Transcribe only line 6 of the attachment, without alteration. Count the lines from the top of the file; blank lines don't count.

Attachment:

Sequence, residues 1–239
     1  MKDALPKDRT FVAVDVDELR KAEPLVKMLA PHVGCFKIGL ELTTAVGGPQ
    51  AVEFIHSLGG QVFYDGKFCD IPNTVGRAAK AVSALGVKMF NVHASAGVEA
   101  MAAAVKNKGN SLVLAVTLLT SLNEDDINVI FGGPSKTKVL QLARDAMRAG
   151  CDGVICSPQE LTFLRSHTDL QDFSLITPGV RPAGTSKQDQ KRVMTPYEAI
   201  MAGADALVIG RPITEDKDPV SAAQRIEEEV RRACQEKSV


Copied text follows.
   201  MAGADALVIG RPITEDKDPV SAAQRIEEEV RRACQEKSV